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Title: Day 20_The Core
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Goal: this task will improve the confidence about the goal to resolve differences (Say What?! Escape from Drama).
Next Step - JP published this Cognitive Task at under Societal | Foster Care and Education | Interpersonal and Social Skills
Doers: 7 | Form: Cognitive Task | Phase: | Type: Primary | Level: 1 | Code:
Start: Dec 14, 2019 | When: | Duration: 10 Minute(s)
  • Let's revisit a core concept that tends to destabilize us when we feel threatened.


    This trust issue is one that definitely takes time. For most people, it takes a lot of time, depending on the situations that triggered mistrust.

    The deliberate choice to trust makes us feel stretched. But it's a struggle that's well worth the initial discomfort.

    It's not even realistic to think you should have it all down by now. The truth is that you may not be ready to bring down the fortress encircling your heart. It was built because you needed it. But you're not in that situation now. Remind yourself, if you have to, that it's hurting you, not helping you.

    You may have to keep reminding yourself to trust that most people have your best interests in mind.

    Start there. It's a simple way to open your ears and hear what the other person has to say. In time, the walls of that fortress start to crumble until, eventually, they're gone.

    Go to the 'demo' tab and watch the video about a boy who had every reason not to trust.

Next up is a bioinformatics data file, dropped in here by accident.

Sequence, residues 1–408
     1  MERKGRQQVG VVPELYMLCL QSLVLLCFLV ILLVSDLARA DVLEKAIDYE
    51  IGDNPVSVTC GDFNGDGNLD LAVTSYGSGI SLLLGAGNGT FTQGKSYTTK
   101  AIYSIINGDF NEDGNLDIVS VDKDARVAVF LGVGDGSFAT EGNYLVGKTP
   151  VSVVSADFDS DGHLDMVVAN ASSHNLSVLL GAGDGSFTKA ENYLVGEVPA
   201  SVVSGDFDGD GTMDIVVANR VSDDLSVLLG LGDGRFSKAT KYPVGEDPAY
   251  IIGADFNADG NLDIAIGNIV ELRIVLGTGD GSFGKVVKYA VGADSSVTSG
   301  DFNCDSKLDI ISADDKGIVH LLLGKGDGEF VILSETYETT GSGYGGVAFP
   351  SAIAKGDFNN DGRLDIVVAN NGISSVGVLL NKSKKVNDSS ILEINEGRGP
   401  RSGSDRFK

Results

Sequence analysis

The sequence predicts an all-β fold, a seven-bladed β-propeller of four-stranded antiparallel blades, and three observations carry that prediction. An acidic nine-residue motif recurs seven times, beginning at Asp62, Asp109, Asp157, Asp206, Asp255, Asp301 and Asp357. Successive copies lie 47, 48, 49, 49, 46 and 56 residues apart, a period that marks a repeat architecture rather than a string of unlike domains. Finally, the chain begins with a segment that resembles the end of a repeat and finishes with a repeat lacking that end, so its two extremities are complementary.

Choose what you thought about the clip when you've finished.
  • When you encounter a situation that tempts you to withdraw or to go the other way and spout off in anger or defensiveness, give the concept of trust a Herculean effort.

    Yeah, we know how hard it is. We also have experienced how much nastier things can get when we don't do it.

    Rather than getting amped up, why not try backing yourself down by asking a question? For example, "Hey, I'm not sure what you mean by that. Would you help me understand you?"

    Will you try this approach?
  • It may be helpful to reverse negative impulses about the idea of conflict.

    This begins with switching self-defeating thoughts about arguing with positive ones that make you realize that the nature of conflict is to understand each other better.

    If done well, resolution from conflict tends to plant seeds that make trust grow. In turn, love blooms. You feel better about yourself and the other person.

    Conflict can be used to build up rather than to destroy.

    What messages usually play in your head at the thought of conflict?
  • What would be the opposite of that message that would keep you in the game?
  • As best you can, try to see the person behind the conflict as a friend, not an enemy.

    Friends are allowed to disagree. But because they value their friendship, they'll find a way to resolve their issues and resume being friends.

    How much value do you place in treating the other person with dignity even if they disagree with you?
  • At the same time, if the issue is around a core value, consider talking it out until you both resolve to "agree to disagree."

    If the situation doesn't get better after that, then maybe it's time to move on.

    Still, both people deserve to be treated with respect if they decide to move on. After all, you've learned a valuable lesson about conflict and friendship. That may be what this relationship was all about. So you've won. See the experience as a victory to be cherished.

    Can you agree to those terms?
  • Think about it. If moving on is the worst thing that could happen, then there's a lot of room for things to go well between here and there.

    We believe there's hope in that thought.

    How do you see it?
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